Friday May 7, 1999
Barry J. Hershey's pretentious and boring "The Empty Mirror" imagines that Adolf Hitler did not commit suicide, at least not right away, but hung on in that bunker long enough to rant and rave as he reviews his life while he watches archival footage on a giant screen behind him.
Extracts from Leni Riefenstahl's "Triumph of the Will" and newsreels presenting Hitler exalting the masses amid pomp and ceremony are interspersed with Eva Braun's home movies, but as time marches on such glorifying imagery gives way to footage of German defeats on the battlefield and finally the inevitable concentration camp horrors. In the process Hitler (Norman Rodway) moves from arrogant leader exulting in his immeasurable Machiavellian evil to a defeated, pathetic old man.
To judge from this film, you would think that Hitler's psyche had never been probed before on the screen. But if you look at "Triumph of the Will" in its entirety, not just in the clips presented here, it will show you how effectively Hitler was able to sway vast numbers of people. Then watch Hans-Jurgen Syberberg's nine-hours-plus "Our Hitler: A Film From Germany," which insists on viewing Hitler as a product of German culture, history and mythology rather than as a crazed aberration, and finally Claude Lanzmann's Holocaust documentary "Shoah," also clocking in at more than nine hours, and you will get an idea of the magnitude of the man's evil, which also has been explored in countless other documentaries, right up to this year's Oscar-winning "The Last Days." It is hardly surprising therefore that Hershey's highly theatrical venture offers no new insights, even in Hitler's imaginary debate with Sigmund Freud.
As it progresses, however, the film becomes increasingly troubling and even offensive. That's because as conceived by Hershey and played by Rodway, a veteran member of the Royal Shakespeare Company, this film's remarkably eloquent and introspective Hitler becomes more and more Lear-like, in short a tragic figure. Hitler may have been complex, but he was above all evil and hardly deserving of the stature that tragedy confers. He triggered rather than embodied tragedy; the Holocaust, not Hitler, was tragic.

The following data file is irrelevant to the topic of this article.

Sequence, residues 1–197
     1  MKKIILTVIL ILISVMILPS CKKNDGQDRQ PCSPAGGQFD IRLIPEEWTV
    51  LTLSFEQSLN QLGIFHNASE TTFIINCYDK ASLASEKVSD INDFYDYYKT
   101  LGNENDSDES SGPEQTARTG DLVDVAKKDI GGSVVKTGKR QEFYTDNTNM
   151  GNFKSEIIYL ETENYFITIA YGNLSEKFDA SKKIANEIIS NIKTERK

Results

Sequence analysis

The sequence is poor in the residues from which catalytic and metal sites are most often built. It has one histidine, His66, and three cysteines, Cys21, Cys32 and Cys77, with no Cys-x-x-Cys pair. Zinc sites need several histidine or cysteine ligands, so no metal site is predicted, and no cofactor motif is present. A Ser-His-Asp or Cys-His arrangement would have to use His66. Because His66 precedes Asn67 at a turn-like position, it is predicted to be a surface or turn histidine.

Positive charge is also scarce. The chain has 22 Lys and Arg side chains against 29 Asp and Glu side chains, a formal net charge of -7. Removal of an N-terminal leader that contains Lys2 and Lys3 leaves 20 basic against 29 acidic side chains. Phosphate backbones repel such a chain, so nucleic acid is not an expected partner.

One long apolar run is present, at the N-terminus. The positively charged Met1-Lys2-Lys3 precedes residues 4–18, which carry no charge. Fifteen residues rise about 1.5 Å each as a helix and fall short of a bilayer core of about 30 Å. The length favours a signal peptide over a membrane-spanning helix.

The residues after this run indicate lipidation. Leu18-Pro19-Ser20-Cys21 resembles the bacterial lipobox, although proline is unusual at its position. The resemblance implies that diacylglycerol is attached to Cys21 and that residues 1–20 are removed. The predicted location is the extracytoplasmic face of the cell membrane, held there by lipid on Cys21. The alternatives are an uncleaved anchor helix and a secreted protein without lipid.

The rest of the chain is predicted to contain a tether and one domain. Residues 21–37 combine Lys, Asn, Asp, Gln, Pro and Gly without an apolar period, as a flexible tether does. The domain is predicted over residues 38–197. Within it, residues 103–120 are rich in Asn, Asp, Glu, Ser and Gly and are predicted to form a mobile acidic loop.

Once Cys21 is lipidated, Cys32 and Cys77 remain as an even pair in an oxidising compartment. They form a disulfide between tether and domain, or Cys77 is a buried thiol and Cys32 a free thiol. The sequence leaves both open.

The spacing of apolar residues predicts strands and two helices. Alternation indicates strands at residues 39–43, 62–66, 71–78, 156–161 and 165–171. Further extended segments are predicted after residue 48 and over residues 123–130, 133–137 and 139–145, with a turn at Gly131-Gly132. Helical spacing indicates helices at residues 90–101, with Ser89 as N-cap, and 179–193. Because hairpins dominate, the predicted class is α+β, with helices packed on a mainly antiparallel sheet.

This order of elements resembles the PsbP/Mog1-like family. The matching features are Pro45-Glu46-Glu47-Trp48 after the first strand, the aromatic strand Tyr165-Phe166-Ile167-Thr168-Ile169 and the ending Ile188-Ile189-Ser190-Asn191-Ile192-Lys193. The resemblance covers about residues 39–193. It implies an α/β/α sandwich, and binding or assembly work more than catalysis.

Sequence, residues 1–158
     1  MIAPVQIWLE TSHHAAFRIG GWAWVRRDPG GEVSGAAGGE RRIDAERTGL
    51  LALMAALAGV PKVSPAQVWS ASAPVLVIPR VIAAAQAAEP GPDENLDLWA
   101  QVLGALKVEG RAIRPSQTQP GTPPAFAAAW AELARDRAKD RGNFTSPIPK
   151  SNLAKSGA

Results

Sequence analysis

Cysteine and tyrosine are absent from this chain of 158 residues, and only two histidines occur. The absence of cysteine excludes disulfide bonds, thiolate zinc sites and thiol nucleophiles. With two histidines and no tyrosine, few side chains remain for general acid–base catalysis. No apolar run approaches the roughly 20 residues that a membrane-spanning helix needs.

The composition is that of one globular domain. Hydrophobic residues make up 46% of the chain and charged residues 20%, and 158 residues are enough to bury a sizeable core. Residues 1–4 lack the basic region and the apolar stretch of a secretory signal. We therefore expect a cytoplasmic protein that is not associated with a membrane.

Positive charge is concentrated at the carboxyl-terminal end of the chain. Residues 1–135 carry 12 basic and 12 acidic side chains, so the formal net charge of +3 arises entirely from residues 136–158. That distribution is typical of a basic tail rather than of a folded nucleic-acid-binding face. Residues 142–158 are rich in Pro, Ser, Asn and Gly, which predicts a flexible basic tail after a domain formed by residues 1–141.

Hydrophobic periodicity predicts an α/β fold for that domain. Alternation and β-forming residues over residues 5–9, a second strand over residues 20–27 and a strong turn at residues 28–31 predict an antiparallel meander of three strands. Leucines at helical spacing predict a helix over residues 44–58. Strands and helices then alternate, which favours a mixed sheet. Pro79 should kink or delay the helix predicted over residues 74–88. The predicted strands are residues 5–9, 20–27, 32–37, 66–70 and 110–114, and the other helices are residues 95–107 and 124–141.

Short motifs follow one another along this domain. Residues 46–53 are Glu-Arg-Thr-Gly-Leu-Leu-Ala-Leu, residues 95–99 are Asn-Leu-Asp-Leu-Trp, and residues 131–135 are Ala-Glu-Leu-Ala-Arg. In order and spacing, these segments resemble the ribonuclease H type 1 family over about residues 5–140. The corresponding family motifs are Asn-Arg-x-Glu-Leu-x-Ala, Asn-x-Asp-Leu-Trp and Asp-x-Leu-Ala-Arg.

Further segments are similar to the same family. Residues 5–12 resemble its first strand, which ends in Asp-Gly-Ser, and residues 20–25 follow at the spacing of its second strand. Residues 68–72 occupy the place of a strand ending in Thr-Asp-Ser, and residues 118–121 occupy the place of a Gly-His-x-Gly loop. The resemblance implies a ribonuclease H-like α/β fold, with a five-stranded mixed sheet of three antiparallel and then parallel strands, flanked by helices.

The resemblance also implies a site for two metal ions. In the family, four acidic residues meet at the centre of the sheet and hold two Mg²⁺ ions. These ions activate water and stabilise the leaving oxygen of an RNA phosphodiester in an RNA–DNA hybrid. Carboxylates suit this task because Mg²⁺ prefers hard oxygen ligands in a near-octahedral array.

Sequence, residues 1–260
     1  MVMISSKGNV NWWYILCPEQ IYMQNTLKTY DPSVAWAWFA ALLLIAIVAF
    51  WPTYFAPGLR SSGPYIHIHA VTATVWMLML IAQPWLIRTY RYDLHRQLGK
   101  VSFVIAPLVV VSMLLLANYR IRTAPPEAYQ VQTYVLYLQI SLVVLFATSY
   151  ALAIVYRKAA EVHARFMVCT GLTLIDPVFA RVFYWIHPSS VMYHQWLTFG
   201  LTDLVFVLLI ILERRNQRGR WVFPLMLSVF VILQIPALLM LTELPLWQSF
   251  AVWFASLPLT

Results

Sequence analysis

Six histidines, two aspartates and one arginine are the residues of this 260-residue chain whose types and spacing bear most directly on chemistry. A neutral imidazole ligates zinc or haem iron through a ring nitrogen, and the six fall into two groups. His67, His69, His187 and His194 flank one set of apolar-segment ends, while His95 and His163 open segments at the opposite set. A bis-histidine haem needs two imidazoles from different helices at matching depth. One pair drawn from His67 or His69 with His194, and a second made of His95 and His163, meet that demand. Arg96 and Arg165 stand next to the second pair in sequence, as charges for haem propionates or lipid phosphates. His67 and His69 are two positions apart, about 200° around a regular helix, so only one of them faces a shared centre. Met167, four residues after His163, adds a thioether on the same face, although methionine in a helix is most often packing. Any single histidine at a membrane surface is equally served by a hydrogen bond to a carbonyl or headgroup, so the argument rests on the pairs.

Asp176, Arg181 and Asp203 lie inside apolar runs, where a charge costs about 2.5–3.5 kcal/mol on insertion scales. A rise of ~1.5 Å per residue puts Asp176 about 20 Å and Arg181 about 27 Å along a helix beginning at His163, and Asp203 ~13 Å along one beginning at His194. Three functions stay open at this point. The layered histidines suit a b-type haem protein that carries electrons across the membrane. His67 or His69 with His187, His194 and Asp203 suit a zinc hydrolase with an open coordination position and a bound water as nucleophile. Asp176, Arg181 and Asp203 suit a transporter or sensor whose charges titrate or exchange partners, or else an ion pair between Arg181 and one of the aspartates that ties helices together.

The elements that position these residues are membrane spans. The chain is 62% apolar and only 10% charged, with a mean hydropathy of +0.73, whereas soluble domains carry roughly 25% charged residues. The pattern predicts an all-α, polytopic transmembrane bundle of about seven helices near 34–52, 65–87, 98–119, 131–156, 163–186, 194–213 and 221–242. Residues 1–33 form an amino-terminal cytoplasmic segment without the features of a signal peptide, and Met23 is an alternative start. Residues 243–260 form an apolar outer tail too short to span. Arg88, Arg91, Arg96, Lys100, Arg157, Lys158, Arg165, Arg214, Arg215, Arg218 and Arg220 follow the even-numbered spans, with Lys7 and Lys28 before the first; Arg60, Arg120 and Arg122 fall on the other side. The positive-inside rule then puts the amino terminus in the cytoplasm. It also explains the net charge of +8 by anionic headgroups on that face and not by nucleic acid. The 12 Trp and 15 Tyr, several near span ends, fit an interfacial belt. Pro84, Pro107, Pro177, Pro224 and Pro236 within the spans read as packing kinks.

Rodway, whose resemblance to Hitler is slight at best, has stamina and passion--and not a little stolidity--but is not at all mesmerizing, which is what intimates like Albert Speer insisted over and over was so potent, so irresistible, about Hitler. In a much smaller role Joel Grey brings wit and a gleam of madness to his apt portrayal of Hitler's minister of propaganda, Joseph Goebbels. In mute, brief appearances Camilla Soeberg is too glamorous and beautiful as Eva Braun, and Peter Michael Goetz and Glenn Shadix have little opportunity to make much of an impression as Freud and Hermann Goering, respectively, and bare scant resemblance to them.
There's lots of flashy visuals as punctuation, but they simply serve to underline the theatricality of this entire endeavor, which belongs on a stage, if anywhere at all, rather than a screen in the first place. For a film that exalts the power of film, "The Empty Mirror" is far from cinematic.
The Empty Mirror, 1999. Unrated. A Lions Gate Films release. Director Barry J. Hershey. Producers David D. Johnson, M. Jay Roach, William Dance. Screenplay by Hershey and R. Buckingham. Cinematographer Frederick Elmes. Editor Marc Grossman. Music John Frizzell. Costumes Melinda Eshelman. Production designer Tim Colohan. Visual effects supervisor David D. Johnson. Norman Rodway as Adolf Hitler. Joel Grey as Joseph Goebbels. Peter Michael Goetz as Sigmund Freud. Camilla Soeberg as Eva Braun.Copyright © 2015, Los Angeles Times